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Fri, Feb 19, 2021

Associations Advocate for US Homebuilts Flying to Mexico

Change In Policies Have Grounded Many Amateur-Built Flights To Mexico

A number of aviaion associations, including EAA, have sent a joint letter to the AFAC, the civil aviation authority of Mexico, asking it to correct a regulatory snag that has prevented many US-registered amateur-built aircraft from crossing the border in recent months.

Unlike other neighboring countries like Canada and The Bahamas, Mexico does not use a standardized blanket flight authorization to validate the airworthiness certificates of homebuilts based in the United States. This makes permission for flights from the U.S. susceptible to changes in policy, interpretation, and/or enforcement.

Since late last year, such a change in policy has grounded many amateur-built flights to Mexico, and EAA has heard from many members who have had issues. Working with international partners, EAA hopes that this latest communication will help bring an expedient end to the problem. The joint letter explains the current policy snag, the safety and importance of experimental aircraft to the general aviation economy, and a proposed solution. The letter asks the AFAC to adopt a blanket authorization similar to the aforementioned Canadian and Bahamian examples.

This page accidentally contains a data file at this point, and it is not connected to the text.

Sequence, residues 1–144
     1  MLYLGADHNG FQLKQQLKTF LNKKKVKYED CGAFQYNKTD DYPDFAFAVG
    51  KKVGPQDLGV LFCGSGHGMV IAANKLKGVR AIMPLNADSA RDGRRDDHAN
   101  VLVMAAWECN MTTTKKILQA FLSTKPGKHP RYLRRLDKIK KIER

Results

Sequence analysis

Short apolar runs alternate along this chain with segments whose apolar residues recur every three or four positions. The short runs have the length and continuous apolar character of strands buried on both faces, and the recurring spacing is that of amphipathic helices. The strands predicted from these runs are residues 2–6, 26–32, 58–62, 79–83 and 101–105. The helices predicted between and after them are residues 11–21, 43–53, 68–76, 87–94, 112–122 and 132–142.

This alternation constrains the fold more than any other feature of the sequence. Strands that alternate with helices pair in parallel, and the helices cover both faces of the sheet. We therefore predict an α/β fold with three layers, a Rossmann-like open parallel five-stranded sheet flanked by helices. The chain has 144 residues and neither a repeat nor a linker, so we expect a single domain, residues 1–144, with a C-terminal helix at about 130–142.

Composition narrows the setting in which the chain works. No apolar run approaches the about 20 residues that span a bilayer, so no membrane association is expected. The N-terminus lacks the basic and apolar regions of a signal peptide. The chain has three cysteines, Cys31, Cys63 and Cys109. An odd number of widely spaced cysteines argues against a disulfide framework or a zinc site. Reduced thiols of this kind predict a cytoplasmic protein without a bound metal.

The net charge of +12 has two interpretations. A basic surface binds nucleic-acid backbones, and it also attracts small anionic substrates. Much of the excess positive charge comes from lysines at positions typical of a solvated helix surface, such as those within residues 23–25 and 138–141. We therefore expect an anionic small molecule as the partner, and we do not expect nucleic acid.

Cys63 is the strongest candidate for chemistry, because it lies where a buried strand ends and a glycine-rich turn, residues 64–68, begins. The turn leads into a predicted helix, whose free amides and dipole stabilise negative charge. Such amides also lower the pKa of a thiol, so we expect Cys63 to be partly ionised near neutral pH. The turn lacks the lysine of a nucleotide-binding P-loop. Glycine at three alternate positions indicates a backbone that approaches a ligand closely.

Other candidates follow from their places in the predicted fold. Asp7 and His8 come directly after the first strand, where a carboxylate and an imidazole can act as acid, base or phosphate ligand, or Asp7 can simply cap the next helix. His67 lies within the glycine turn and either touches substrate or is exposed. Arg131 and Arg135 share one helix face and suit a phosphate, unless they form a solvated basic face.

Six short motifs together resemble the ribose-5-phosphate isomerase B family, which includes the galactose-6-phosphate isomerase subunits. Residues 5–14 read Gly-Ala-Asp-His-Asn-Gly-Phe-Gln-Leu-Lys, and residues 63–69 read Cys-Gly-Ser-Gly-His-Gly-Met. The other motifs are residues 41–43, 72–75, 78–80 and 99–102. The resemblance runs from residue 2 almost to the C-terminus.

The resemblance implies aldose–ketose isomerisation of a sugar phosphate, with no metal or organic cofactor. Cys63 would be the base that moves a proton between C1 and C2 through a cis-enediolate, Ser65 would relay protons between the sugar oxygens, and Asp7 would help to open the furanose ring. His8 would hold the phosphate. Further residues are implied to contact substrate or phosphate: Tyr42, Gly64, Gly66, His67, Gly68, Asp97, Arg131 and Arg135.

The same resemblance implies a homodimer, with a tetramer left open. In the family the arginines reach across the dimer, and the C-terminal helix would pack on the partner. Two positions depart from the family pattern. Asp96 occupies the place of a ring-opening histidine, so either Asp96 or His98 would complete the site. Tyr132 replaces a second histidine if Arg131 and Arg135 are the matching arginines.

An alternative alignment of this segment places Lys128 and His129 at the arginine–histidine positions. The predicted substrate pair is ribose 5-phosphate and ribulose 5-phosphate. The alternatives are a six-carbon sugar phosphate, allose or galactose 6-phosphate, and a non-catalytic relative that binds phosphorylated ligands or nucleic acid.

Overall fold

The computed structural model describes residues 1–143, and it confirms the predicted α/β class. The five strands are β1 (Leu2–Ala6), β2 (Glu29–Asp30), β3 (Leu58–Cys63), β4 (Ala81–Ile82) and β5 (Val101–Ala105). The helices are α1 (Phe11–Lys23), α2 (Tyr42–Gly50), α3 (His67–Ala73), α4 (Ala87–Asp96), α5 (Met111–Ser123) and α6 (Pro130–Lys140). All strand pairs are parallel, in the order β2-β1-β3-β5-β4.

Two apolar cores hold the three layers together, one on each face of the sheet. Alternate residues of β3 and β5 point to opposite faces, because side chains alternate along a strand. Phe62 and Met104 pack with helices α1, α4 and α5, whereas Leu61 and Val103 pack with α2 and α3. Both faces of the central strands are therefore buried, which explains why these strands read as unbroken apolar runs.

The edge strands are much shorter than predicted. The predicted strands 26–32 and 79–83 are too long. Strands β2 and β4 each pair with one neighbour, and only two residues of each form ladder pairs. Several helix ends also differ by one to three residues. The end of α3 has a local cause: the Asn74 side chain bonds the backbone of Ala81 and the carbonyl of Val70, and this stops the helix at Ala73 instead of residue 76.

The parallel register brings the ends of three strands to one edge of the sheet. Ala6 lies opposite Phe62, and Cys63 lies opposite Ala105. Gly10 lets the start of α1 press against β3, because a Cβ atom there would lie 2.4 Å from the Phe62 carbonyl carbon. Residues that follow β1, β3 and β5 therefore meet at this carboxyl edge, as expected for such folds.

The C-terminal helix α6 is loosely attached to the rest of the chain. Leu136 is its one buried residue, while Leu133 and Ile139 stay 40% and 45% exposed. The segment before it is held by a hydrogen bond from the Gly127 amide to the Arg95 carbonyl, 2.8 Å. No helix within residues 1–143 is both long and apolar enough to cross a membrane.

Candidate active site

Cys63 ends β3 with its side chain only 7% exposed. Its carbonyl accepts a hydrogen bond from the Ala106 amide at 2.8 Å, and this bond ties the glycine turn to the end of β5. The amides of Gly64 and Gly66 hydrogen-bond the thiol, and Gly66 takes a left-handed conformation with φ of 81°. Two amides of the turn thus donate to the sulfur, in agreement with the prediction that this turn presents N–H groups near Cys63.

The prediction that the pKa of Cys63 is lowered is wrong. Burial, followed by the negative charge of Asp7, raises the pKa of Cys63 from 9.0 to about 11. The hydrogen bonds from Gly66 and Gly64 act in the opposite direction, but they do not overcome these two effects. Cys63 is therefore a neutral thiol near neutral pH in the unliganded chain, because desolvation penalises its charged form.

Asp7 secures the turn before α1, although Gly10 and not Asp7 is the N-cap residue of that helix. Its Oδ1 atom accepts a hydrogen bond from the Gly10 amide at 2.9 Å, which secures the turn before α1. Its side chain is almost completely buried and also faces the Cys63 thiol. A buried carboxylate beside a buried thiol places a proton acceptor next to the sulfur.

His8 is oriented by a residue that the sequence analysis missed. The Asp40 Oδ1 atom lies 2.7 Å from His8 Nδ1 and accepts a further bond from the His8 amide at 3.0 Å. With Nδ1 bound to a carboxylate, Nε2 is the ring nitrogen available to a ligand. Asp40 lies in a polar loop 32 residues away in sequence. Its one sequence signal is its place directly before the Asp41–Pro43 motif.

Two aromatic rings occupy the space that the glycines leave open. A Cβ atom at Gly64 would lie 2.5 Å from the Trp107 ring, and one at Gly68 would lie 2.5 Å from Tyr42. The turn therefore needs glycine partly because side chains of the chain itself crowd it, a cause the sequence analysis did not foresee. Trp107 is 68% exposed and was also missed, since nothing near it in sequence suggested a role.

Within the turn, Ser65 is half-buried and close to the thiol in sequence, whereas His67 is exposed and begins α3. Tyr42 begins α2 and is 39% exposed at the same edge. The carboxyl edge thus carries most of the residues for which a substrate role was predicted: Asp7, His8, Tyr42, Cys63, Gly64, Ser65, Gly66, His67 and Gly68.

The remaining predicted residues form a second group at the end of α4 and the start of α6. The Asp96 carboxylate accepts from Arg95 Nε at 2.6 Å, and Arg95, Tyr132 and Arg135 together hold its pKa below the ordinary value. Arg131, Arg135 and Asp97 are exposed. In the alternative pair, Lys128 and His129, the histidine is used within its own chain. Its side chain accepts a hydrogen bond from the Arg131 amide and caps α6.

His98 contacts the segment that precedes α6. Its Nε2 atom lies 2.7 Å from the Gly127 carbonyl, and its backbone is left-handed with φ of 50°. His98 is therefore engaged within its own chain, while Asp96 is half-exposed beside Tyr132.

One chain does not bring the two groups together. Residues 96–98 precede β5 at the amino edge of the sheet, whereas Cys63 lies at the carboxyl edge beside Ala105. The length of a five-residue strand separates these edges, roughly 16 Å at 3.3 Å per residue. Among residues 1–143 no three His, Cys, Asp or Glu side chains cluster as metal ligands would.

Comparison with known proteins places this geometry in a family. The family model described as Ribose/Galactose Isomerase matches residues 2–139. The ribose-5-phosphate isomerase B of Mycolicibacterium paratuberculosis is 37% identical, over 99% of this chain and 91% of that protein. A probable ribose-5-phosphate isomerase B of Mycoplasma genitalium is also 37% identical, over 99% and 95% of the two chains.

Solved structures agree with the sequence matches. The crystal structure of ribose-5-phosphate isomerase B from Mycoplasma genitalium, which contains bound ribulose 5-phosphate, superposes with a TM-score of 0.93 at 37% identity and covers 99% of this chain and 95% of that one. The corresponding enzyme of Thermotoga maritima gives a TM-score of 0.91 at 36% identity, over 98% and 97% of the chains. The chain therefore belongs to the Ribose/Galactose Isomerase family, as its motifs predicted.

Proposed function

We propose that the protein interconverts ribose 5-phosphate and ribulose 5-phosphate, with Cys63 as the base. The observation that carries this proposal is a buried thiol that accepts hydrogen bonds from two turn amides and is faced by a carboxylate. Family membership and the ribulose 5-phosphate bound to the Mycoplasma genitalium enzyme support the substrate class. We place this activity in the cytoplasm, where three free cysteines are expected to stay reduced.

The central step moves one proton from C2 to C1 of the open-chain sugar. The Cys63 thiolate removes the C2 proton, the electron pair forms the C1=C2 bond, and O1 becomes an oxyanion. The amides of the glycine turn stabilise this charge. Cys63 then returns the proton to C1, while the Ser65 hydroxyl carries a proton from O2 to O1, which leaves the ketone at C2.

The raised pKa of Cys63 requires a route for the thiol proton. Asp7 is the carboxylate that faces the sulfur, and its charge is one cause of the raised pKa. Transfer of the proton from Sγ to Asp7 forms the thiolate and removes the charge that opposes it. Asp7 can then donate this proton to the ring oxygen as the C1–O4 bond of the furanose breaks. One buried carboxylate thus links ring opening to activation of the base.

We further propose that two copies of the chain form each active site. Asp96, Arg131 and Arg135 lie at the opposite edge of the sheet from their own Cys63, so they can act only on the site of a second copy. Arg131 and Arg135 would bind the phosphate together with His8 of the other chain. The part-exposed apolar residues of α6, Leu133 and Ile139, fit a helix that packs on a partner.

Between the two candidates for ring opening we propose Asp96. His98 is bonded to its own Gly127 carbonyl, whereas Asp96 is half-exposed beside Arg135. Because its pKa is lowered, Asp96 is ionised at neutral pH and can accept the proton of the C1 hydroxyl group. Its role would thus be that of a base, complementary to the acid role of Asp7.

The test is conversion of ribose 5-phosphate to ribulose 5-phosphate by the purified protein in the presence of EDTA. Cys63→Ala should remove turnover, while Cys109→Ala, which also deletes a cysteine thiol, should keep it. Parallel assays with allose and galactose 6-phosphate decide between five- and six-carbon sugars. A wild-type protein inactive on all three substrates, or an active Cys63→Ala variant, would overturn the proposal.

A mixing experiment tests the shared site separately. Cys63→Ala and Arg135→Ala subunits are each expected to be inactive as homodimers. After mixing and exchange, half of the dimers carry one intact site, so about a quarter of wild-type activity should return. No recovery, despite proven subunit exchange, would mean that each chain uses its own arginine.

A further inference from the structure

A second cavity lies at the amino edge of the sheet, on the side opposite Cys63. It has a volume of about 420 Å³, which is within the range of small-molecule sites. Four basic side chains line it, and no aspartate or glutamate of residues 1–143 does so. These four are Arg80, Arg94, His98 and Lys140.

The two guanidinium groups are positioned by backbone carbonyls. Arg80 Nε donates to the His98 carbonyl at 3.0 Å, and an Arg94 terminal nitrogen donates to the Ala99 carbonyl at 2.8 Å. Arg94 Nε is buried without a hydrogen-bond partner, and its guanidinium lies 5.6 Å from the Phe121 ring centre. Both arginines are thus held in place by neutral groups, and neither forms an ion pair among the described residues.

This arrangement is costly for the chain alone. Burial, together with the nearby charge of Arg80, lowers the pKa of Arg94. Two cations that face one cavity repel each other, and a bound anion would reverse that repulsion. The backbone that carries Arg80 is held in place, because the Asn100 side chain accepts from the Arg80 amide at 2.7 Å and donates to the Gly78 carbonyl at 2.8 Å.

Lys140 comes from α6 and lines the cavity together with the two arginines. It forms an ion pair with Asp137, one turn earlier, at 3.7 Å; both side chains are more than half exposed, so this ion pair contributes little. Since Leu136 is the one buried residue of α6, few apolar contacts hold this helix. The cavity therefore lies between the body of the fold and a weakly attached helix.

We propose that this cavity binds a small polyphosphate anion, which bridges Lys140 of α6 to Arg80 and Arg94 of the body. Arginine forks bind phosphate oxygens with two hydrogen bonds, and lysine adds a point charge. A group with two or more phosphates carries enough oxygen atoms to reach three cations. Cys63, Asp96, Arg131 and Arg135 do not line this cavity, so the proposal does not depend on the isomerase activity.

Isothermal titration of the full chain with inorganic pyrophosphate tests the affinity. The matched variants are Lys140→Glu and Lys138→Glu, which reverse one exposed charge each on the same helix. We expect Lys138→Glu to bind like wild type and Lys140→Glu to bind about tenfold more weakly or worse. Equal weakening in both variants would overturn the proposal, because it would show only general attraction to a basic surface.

EAA also worked with Baja Bush Pilots to gain background and points of contact on the subject and CST Flight Services for translation and liaison with the AFAC. EAA notes that this project, 'has been an excellent example of the GA community working together to solve a problem, and we value the contributions of all involved.'

FMI: www.eaa.org

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